With a shake of the head, dressed fit for a Tudor ball, the dance commences. Another shake, a bow, followed by a mock preen - all mirrored by his partner. He leads her through this routine for several minutes, repeating the pattern of moves. Until at the appointed moment they both disappear under the water, only to appear again yards apart, bills spilling over with quite unattractive black leaves. They swim towards each other, necks lowered like a knight's lance. Just at the point of impact, they raise out of the water on furiously paddling legs, heads flicking they present their treasures to each other. A final flick of the head to disguard the weeds denotes the end of the dance, the bond formed. Bloomin' lovely.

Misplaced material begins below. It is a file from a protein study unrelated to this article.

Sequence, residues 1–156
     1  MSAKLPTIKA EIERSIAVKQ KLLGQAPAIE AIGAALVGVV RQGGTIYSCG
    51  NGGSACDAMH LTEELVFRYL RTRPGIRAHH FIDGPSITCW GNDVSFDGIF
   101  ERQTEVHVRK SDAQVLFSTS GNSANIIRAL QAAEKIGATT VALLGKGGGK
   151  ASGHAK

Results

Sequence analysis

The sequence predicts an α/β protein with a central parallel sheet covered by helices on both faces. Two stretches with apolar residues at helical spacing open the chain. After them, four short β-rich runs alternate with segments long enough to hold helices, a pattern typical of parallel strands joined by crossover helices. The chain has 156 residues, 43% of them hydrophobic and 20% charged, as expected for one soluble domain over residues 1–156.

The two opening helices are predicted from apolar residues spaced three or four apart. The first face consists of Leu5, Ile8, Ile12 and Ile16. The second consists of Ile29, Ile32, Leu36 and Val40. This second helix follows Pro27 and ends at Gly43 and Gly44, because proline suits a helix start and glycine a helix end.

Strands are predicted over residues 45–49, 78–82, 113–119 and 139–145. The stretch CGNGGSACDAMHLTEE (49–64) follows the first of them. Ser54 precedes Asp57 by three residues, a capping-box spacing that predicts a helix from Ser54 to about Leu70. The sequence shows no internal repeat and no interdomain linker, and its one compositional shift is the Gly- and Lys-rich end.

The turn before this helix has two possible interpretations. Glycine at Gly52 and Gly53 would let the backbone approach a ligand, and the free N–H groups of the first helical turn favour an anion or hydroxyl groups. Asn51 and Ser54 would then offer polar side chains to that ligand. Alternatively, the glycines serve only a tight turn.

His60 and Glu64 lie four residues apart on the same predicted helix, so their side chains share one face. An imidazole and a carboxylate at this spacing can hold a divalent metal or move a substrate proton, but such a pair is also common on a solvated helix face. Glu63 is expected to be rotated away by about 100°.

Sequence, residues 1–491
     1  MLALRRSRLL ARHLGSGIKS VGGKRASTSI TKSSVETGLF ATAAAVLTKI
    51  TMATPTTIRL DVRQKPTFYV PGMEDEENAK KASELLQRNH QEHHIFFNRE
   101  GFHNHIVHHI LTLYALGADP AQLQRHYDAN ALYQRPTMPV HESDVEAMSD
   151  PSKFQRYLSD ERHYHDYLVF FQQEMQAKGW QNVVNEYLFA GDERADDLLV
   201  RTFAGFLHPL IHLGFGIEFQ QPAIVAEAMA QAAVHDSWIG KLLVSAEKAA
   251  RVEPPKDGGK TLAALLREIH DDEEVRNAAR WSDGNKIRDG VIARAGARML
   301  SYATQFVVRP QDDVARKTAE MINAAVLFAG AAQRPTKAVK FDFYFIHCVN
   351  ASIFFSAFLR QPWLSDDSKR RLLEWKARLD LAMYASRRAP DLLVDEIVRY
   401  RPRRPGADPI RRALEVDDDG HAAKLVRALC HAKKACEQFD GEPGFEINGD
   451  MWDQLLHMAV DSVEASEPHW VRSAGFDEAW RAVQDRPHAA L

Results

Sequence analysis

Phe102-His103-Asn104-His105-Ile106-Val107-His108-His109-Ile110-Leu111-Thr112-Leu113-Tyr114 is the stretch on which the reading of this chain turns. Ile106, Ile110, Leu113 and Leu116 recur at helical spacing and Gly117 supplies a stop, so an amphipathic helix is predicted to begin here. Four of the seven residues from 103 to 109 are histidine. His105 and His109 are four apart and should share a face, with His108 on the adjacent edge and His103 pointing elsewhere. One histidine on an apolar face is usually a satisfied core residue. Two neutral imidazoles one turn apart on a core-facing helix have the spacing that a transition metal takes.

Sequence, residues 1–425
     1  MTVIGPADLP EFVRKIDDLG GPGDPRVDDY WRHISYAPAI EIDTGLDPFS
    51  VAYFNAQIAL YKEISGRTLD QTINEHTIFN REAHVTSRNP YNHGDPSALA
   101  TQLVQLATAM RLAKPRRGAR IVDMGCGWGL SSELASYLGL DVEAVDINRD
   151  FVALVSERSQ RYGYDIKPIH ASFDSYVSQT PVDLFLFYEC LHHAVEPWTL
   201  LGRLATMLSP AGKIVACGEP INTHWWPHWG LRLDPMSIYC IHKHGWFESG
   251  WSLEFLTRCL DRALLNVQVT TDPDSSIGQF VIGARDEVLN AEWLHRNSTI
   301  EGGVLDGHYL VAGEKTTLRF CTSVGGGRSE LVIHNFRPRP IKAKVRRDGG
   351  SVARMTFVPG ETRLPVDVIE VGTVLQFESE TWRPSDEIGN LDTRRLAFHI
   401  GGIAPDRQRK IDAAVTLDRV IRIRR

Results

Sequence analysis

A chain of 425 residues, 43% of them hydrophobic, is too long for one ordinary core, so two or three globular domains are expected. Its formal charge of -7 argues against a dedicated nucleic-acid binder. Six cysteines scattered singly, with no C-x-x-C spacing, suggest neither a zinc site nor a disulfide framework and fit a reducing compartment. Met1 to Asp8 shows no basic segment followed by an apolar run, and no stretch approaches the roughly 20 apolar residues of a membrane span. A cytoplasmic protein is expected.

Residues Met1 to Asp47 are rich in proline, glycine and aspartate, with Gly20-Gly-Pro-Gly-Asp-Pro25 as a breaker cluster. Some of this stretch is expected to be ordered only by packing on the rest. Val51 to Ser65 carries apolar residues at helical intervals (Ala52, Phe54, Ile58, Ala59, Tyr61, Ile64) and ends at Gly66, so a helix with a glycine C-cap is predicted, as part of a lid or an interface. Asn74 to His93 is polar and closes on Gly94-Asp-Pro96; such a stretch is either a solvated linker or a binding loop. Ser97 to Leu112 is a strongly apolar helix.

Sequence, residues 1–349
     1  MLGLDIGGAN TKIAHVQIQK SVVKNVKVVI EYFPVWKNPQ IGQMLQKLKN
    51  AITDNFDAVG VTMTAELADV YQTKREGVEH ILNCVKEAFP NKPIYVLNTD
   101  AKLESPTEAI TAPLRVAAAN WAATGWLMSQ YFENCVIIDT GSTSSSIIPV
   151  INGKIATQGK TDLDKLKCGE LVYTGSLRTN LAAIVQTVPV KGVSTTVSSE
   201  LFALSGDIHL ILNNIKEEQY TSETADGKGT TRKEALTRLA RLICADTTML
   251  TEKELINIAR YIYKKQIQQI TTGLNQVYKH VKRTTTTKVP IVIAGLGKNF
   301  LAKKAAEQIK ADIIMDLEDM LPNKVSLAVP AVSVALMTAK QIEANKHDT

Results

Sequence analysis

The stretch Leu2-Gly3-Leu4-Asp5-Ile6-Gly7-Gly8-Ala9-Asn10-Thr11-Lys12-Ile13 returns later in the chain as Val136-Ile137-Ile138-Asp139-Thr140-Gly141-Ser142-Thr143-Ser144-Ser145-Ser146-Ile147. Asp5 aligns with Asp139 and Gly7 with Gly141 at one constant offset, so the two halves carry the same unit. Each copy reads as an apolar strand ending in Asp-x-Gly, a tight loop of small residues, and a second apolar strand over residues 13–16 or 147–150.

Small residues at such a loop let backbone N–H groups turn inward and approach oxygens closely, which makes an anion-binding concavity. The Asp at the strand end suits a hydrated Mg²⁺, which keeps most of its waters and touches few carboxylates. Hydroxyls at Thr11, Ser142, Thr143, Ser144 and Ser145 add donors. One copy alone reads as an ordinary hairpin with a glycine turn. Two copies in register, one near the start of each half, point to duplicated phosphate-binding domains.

And where did this ancient ritual unfold? A remote bog in Mudfordshire? Not at all, a local country park - Lakeside, Eastleigh. Acted out within a few feet of families playing and fishermen, well err... fishing. Wildlife on your doorstep.
To consider that great crested grebes were virtually wiped out in Britain by vain ladies of 19th century, thinking that they would look better with feathers on, beggars belief. Thank goodness these sort of practises don't go on today. MMMMMMMMMMMMMMMMMMMMMM!
Thanks to JD for the totally well good tip.
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